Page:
“I think one of the terrible things today is that people have this deathly fear of food: fear of eggs, say, or fear of butter. Most doctors feel that you can have a little bit of everything.” -Julia Child
I draw the line in just a few places. No soda, except on special occasions or something. It is just all-around awful for your body and super addictive. I try to say “no” to high fructose corn syrup in general. No chocolate that isn’t fair trade, period. Consequently, we end up with only high quality, organic chocolate in our house and definitely not every day. (I like to say fair trade is “true price,” and chocolate at it’s true price is pretty expensive.) I drink two small cups of coffee a day with heavy cream and small spoonful of coconut sugar. The cream appears in glorious, swirling clouds. More caffeine than that and I’m a jittery mess. We don’t keep candy in our house. Dessert is way better! Tea is unsweetened. No microwaved popcorn (but lots of popcorn with just a little salt and peanut oil) and no processed meat, unless you count bacon! I don’t see any reason to “indulge” in things that aren’t amazing. Indulge in a little glass of wine, a big bowl of popcorn or a slice of homemade chocolate cake.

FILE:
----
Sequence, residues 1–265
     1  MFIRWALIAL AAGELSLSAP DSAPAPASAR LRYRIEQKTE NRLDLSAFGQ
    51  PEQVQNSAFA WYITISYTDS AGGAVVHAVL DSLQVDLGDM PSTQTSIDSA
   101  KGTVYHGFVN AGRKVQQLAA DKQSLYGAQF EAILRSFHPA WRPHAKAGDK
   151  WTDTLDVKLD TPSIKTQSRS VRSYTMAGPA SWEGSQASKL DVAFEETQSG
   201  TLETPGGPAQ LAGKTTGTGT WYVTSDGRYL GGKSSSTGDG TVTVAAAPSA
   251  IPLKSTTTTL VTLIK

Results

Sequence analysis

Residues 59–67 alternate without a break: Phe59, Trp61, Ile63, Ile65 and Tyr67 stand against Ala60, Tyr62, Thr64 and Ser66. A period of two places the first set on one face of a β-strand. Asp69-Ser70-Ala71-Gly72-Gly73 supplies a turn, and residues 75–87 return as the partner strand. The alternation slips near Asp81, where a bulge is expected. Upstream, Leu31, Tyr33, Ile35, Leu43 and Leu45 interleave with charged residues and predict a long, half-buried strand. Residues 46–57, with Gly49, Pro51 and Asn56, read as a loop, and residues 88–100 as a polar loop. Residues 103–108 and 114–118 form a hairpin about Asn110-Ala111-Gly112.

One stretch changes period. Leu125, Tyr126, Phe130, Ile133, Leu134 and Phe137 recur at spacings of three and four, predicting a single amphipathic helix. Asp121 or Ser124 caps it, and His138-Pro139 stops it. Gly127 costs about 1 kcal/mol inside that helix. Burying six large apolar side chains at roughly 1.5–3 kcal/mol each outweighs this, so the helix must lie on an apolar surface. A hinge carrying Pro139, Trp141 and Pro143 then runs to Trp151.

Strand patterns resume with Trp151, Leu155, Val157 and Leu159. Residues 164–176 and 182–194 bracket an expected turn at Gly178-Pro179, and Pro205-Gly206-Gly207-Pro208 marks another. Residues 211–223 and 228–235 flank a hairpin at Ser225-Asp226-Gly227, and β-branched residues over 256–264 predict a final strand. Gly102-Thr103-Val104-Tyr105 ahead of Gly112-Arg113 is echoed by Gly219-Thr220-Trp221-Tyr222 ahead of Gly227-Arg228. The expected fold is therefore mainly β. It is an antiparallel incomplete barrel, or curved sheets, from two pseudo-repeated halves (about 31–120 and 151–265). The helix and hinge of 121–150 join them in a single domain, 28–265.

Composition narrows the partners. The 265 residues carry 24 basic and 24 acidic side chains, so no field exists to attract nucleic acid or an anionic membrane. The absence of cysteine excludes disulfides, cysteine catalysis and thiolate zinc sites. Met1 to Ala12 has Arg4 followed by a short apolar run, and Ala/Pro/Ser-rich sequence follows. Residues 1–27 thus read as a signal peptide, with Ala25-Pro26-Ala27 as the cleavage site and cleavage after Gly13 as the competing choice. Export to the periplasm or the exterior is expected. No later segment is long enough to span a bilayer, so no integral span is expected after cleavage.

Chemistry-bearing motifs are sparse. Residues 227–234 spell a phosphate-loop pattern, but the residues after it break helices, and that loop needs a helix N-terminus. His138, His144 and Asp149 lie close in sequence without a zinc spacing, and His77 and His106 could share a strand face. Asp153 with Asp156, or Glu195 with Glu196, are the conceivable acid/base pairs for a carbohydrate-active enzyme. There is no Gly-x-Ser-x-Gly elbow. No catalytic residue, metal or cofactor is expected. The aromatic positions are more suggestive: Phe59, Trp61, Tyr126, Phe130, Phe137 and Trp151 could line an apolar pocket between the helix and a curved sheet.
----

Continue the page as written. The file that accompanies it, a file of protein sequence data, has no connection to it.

“A nice creamy chocolate cake does a lot for a lot of people. I know it does for me.” -Audrey Hepburn
Good food is delicious. I used to be a very picky eater, but I am a perfect example of learning to love new foods. You don’t have to be picky forever. You can learn to love foods that are good for you and live without junk food, and when you stock your pantry with good foods, you can eat whatever you want!